Apparent strength scaling in continuous fiber composite laminates

J. Andre Lavoie, Costas Soutis, John Morton

    Research output: Contribution to journalArticlepeer-review

    Abstract

    The tensile strength of the 0°plies within different cross-ply and quasi-isotropic laminates of varying size and stacking sequence has been investigated. For those lay-ups having failure confined to the gauge section, no size effect was observed in the strength of 0°plies. In laminates exhibiting a size versus strength relationship, failures were found to occur in the gauge section for the smallest laminates, but at the grip for the larger laminates. The occurrence of failure at the grips is not obvious for these lay-ups. A major purpose of this paper is to identify the failure initiation point, and the sequence of events that leads to complete fracture of 0°plies in unidirectional laminates, and the quasi-isotropic and cross-ply lay-ups. A statistically significant set of 3-point bend tests of unidirectional beams was conducted to obtain valid parameters (Weibull modulus and strength) for a Weibull-statistics-based strength model which would be used to predict the ultimate strength of 0°plies within different cross-ply and quasi-isotropic laminates. No significant difference between the maximum stress in bending or strength of the valid tensile tests was found. In contrast Weibull theory predicted unidirectional strength loss of over 30% for the range of volumes tested. Although the dramatic strength scaling observed here has been shown to arise from the test method, the authors are not ready to rule out scaling effects. (C) 2000 Elsevier Science Ltd. All rights reserved.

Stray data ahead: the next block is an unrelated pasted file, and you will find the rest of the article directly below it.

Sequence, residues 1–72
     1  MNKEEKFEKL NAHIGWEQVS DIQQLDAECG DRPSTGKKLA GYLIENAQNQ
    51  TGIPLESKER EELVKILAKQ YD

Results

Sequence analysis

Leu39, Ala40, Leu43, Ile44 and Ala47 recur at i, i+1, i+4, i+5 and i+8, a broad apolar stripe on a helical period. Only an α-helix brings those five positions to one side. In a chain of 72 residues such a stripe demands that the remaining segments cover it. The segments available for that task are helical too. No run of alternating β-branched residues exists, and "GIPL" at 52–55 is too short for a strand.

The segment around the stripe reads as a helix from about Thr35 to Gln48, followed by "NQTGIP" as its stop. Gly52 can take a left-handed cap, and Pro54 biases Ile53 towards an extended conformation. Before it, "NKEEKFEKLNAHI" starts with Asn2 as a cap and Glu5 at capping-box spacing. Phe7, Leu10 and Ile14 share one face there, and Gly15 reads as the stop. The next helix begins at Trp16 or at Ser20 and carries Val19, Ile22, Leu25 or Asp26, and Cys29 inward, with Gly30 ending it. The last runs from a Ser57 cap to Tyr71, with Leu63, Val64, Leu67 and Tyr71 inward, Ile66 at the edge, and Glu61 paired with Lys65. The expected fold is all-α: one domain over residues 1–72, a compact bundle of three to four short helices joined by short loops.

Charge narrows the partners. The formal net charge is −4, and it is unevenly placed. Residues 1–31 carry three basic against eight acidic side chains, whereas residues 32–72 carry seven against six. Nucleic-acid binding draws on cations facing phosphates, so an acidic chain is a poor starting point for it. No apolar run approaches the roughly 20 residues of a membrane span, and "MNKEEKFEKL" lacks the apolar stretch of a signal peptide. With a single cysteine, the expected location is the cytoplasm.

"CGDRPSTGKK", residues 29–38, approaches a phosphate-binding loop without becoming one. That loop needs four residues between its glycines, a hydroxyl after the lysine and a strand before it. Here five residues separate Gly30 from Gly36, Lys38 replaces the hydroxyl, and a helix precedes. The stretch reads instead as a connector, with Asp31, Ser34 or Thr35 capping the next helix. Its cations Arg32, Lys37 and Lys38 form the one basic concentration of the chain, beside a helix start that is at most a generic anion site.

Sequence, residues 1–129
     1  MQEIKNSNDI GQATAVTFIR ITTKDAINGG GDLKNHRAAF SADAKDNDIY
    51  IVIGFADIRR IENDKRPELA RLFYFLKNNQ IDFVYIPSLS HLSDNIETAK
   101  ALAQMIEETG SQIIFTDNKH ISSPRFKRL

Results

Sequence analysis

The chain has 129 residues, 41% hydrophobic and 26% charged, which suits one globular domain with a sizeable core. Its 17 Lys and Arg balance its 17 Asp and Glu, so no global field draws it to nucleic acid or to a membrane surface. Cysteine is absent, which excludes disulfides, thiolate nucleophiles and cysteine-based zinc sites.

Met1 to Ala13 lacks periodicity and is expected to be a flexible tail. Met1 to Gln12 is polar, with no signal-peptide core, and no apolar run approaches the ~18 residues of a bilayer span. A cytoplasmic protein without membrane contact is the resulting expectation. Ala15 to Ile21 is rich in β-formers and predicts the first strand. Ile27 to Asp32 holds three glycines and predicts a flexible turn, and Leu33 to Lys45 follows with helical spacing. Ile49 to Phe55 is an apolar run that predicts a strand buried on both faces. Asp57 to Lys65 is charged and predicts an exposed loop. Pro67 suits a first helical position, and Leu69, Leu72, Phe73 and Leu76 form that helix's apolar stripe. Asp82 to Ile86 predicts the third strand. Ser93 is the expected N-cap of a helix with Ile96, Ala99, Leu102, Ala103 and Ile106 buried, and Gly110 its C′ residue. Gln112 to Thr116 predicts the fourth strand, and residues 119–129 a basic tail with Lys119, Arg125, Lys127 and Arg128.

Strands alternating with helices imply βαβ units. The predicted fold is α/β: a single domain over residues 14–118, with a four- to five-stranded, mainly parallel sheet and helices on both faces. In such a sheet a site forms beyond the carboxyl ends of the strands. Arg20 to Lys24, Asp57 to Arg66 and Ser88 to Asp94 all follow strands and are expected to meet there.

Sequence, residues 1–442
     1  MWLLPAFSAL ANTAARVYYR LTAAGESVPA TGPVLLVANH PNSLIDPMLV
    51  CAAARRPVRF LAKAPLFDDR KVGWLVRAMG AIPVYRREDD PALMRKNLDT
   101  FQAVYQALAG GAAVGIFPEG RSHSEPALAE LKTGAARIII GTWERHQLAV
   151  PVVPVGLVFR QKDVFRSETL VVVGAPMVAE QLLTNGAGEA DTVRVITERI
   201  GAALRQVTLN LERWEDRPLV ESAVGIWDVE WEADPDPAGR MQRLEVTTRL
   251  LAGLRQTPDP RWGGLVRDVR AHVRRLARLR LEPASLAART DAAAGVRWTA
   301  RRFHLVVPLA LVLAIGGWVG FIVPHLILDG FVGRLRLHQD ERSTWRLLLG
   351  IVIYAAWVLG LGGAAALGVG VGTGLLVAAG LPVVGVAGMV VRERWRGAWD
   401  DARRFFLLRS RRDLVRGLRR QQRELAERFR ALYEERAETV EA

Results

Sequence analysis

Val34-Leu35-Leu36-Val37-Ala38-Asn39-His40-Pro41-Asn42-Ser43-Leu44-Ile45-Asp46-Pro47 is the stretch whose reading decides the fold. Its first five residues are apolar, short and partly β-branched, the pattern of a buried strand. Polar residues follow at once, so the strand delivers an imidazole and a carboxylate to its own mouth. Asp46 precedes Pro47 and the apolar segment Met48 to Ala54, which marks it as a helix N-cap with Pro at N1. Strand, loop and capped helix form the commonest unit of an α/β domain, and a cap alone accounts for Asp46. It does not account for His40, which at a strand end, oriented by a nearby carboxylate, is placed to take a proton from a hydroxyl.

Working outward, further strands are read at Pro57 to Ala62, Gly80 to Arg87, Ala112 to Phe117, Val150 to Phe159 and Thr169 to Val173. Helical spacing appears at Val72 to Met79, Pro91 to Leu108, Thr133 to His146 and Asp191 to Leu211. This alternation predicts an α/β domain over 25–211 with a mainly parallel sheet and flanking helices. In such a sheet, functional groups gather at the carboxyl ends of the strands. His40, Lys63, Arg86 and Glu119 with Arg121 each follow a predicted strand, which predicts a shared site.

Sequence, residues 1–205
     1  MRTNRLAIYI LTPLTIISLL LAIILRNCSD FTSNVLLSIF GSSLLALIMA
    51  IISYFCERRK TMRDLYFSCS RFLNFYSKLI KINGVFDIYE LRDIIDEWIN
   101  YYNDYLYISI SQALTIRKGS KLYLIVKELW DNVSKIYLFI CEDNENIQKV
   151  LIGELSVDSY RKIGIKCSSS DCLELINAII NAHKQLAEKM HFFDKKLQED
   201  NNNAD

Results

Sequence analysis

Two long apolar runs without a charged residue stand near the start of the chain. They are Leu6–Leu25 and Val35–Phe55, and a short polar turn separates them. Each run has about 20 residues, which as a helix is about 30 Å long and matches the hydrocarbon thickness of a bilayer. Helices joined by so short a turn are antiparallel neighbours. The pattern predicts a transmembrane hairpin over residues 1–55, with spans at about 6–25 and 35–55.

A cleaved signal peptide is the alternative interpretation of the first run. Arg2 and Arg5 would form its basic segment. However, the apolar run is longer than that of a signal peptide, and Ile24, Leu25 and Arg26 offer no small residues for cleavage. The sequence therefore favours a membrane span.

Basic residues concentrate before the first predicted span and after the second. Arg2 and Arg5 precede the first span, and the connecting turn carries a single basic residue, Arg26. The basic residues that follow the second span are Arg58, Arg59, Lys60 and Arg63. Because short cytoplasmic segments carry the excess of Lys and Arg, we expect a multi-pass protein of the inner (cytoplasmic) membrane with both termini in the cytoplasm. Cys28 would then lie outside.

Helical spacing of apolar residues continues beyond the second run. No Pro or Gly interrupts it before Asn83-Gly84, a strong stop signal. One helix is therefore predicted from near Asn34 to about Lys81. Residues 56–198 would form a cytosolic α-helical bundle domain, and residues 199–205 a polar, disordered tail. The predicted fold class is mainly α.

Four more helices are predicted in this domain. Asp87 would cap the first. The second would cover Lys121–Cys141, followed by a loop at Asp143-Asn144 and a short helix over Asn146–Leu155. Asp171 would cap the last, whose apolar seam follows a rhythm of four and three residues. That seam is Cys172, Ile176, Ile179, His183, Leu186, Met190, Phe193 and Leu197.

Original languageEnglish
    Pages (from-to)283-299
    Number of pages16
    JournalComposites Science and Technology
    Volume60
    Issue number2
    DOIs
    Publication statusPublished - 1 Feb 2000

    Keywords

    • Bend testing
    • Carbon epoxy
    • Composite materials
    • Fiber reinforced materials
    • Mechanical testing
    • Size effect
    • Strength scaling
    • Tension testing
    • Weibull statistics

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